Include Teachers in the Discussion
“Get rid of teachers or encourage them to stay—what is best for our schools?” That's the question posed by a guest post at Education Week's “Living in Dialogue” blog. The person asking the question is Mark Simon, a former teacher and union leader from Montgomery County in Maryland. As Minnesota continues to debate how public policy treats teachers, Montgomery County's story has some interesting lessons for us.
Of particular interest is the story of Broad Acres Elementary [PDF], the district's highest-poverty school (90% of students qualifying for free or reduced price lunch). Intervention started in 2000. By 2003, the school was making Adequate Yearly Progress by the dictates of No Child Left Behind. For many consecutive years, Broad Acres was the most improved school in the district.
This is exactly the kind of story that usually gets the “miracle school” treatment. Regular readers of such stories are now bracing for tales of harsh "accountability" measures, high expectations, and perhaps a more single-minded focus on testing.
Turns out, that's not how they did it. (Well, the high expectations part, yes. The rest of it, not so much.)
I'll let Simon tell the story:
The first thing we did was to meet with the teachers to let them know that we wanted all of them to stay if they chose to. The union's vice president was assigned to meet with every teacher, individually, to get their ideas. The catch was that any teacher who chose to stay would have to remain at the school for at least three years. If we were going to invest in training and support we wanted the teachers we invested in to stick around. We knew that one of the problems at high poverty schools was teacher turnover and the last thing such a school needed was to get rid of the adults.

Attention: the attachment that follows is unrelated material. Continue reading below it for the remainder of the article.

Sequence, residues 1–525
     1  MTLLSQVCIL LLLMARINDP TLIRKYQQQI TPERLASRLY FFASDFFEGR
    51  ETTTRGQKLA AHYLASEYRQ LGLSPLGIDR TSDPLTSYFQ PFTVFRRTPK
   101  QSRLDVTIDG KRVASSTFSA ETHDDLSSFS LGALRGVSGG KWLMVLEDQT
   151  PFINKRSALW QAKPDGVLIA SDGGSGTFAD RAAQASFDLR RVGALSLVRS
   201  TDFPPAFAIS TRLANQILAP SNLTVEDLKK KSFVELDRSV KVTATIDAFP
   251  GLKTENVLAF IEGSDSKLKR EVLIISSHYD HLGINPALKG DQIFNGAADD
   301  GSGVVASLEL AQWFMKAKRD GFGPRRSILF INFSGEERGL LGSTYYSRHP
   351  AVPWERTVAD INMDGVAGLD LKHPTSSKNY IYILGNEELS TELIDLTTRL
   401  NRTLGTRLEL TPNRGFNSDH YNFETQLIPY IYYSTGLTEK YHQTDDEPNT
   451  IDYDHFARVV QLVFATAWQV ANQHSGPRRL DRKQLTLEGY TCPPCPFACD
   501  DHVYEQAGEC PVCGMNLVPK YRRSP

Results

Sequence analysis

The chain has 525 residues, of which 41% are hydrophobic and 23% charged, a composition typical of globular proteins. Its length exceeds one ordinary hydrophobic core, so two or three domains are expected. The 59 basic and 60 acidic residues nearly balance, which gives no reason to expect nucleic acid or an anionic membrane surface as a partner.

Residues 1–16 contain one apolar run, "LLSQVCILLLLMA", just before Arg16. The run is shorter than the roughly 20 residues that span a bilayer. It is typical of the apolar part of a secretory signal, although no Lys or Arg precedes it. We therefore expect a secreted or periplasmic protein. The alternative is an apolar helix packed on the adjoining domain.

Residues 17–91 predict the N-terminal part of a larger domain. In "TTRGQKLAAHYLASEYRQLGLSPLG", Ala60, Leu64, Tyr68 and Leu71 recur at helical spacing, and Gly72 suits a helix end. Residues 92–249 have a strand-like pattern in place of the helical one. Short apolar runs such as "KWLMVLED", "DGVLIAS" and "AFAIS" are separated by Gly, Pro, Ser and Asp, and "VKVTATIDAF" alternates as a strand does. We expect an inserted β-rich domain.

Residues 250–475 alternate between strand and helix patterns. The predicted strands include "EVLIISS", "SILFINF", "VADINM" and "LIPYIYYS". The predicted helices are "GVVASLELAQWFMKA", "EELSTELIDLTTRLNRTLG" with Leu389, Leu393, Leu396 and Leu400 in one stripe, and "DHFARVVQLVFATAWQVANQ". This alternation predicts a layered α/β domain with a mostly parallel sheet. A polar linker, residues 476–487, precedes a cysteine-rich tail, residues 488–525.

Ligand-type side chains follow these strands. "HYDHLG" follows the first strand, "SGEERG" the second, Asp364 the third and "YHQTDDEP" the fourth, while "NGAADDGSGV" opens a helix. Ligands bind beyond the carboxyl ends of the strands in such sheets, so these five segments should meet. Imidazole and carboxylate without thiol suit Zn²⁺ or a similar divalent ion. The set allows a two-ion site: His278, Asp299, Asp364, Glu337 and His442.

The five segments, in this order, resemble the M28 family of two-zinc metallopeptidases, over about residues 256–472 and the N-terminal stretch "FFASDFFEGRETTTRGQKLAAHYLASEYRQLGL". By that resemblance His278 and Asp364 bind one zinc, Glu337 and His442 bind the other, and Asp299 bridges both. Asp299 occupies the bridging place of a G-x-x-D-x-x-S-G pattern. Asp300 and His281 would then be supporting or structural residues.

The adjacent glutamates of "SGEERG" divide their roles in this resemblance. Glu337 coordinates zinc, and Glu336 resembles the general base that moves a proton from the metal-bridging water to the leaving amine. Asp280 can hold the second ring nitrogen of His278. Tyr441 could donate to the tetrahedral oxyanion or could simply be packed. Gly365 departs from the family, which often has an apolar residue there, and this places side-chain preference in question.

Oh, and one more thing: “We refused to make student test scores a factor in teacher evaluations.”
Simon acknowledges mistakes and missteps—a bit of humility uncharacteristic of “miracle school” boosters (though pretty common to the leaders of those schools)—but his point is that long-term efforts at school change benefit from active engagement with teachers. Teachers and their unions have to be willing to engage, but they're more likely to do so with a district that trusts and respects them.